Separate names with a comma.
Discussion in 'General IH Tech' started by TheCrazyFarmer, Jun 19, 2019.
There's your other vacuum leak. Bingo!
Ah. Alright then. If you want to take a break from all this, that's fine. As long as the truck's safe to drive. Hope you have a good rest of your summer, what's left of it.
I aint takin no break, I'm just waiting fot the guru to come over and help.
He should hear it leaking after the engine is shut off.
would it help if I uploaded a video of me shutting of the engine so you can hear it?
Maybe you’ll hear it, maybe not. Disconnect the hose running to it. Plug the manifold side. See if it runs differently and if your vacuum number changes.
Sent from my iPad using Tapatalk
Just disconnect and plug the line to the brake booster (on the vacuum side) and see if it helps. Also, as we said, do the same with the PCV. (considering how screwed up the previous owner left it, it could easily be BOTH)
What is the best way to plug it so I get an accurate reading?
Also yeah, the PO did some weird things, for example, he wired an after market radio into the cigarette lighter really poorly, so every time you touched something under the dash it sparked everywhere!
He also cut the rear end of the bed with a Sawzall so a camper would fit on it.
And now the crappy homemade vac stuff!
If you disco the booster hose at the intake manifold, you have an exposed hose barb. You can buy vacuum caps either rubber or vinyl, in assorted sizes that are made to cap vacuum fittings. Or, a less preferred method is to take a short chunk of vacuum hose that fits snugly onto the hose barb. Then shove a bolt that fits very snugly into the open end of the hose. Secure the bolt in the hose with a tightened hose clamp. The idea is to eliminate the chance for any air to be drawn into that exposed hose fitting while the engine is running. Another way to do it is to leave the hose attached at the intake fitting and disconnect it at the booster fitting. Then either totally pinch off the loose end of the hose with a clamp of some type or plug it with a bolt as described above. The exposed fitting on the booster can be left exposed for the test as that isn't the vacuum side. Several ways to skin the same cat, none of them complex, difficult or expensive to do.
I think you just won the "Previous Owner F*&^@# Up Mod Contest"
You will probably keep finding stuff that makes you go "WTF?!" for years. Just this weekend I found a bolt holding the transmission support cross-member on was a bit loose. Upon closer inspection, I noticed not only was it loose, the nut had been WELDED onto the bolt. For no apparent reason. And just to make it more fun, its in a spot where you cant get an angle grinder or a sawzall in to cut it off.
If you use a bolt as a plug in a hose, make sure its one that is not too loose and has a good inch or more of smooth shoulder, then clamp it in place with a hose clamp.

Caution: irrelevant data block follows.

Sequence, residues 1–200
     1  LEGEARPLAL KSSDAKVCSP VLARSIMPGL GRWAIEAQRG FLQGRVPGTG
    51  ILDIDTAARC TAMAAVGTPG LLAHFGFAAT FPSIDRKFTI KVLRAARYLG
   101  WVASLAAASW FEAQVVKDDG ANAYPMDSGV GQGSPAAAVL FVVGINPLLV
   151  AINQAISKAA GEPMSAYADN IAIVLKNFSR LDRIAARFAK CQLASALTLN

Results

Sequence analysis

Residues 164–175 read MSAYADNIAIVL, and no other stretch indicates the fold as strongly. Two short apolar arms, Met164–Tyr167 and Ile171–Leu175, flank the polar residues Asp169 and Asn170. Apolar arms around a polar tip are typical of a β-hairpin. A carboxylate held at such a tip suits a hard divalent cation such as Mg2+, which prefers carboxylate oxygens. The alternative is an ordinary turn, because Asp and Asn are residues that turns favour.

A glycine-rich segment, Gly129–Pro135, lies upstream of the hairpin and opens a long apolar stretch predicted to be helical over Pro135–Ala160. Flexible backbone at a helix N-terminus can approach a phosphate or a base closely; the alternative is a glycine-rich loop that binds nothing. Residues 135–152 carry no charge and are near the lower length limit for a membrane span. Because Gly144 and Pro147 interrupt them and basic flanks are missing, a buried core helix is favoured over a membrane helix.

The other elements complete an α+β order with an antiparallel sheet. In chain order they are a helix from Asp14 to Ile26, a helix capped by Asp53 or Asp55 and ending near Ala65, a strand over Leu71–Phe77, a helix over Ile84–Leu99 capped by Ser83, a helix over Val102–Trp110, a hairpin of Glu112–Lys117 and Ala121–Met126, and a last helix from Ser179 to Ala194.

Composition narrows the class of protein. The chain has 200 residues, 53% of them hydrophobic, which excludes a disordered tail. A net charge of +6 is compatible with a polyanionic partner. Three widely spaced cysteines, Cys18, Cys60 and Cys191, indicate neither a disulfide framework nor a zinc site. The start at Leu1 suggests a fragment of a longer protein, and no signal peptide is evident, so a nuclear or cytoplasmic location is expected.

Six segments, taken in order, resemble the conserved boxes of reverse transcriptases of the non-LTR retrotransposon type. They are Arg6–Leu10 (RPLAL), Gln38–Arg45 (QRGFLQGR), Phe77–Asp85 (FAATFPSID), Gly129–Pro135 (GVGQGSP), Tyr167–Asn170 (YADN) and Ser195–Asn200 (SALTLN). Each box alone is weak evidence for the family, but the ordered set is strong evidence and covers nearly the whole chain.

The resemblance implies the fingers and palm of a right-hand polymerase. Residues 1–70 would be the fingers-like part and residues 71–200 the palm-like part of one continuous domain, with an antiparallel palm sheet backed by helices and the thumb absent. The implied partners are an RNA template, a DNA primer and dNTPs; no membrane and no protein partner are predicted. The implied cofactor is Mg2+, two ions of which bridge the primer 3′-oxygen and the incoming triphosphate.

Is it normal to for it make this clicking sound while it runs?
I can't quite tell where its coming from.
I think it might be the fan?
This tool should be used too diagnose leaks...sorry if already discussed as i did not go back thru multiple pages...ticking noise can be alt bearing..also make sure u use the CORRECT vac hose from manifold to PBB...gas hose and the cheap vac hose junk sold at most local parts houses will not suffice...if you have cut corners leave kids and dog at home..
Sounds like lifter tick, but it could be an exhaust leak too.
It did sound like it was coming from around the passenger side exhaust manifold, so you might be on to something there.
Ahem. Stethoscope! That setup I showed. It's the ideal tool for pinpointing the source of noises like this. You would want the metal brake/fuel tubing on it so you can reach down and listen among all the hot parts safely.
And obviously, keep it and your fingers well away from moving belts, etc. when poking around a running engine.
BTW, other than that ticking noise, which could be fuel pump or water pump related maybe? if coming from the front of the engine, It sounds like it's running okay. So that's some progress! Is the choke on during this video?
The choke is on, I have it timed and everything on choke so I can still do hay runs and stuff.
Like we keep saying, next step, disconnect and block off the manifold vacuum to the brake booster and PCV. Those are common and likely sources of leaks. Then check again with the vacuum gauge and see if it improves. (It SHOULD have improved when you fixed that mickey moused fitting. If it did not, then that indicates that there are more, larger vacuum leaks such that the one you fixed was just a "drop in the bucket".
I am gonna tackle those leaks here soon, but I drove it into town today on choke to register it at the DMV.
It did awesome! It drove all the way into town with no issues, didn't overheat or anything!
We got it registered, and then went to O'Rielly's.
On our way home, it started to PUTT PUTT a little bit, backfired a couple times, and then it started to jolt as I drove further. I pulled over and looked under the hood, and I saw nothing wrong. I started her up again, and drove it another mile, and then it did it again. I was able to limp it most of the way home, and then had someone push me up the hill with another truck.
What do you think is going on here? It drove perfectly about 25 miles without issues, and then this started happening.
I'd love to know what you think, thanks!
It's because you're running it on full choke like several of us have told you several times. That's a band-aid on a bullet wound. Sure, it runs ok for awhile...short trips and such, but run it long enough to get the engine good and hot and it doesn't like that choke. It wants to breathe! This isn't a new symptom. This is just more of the same old stuff.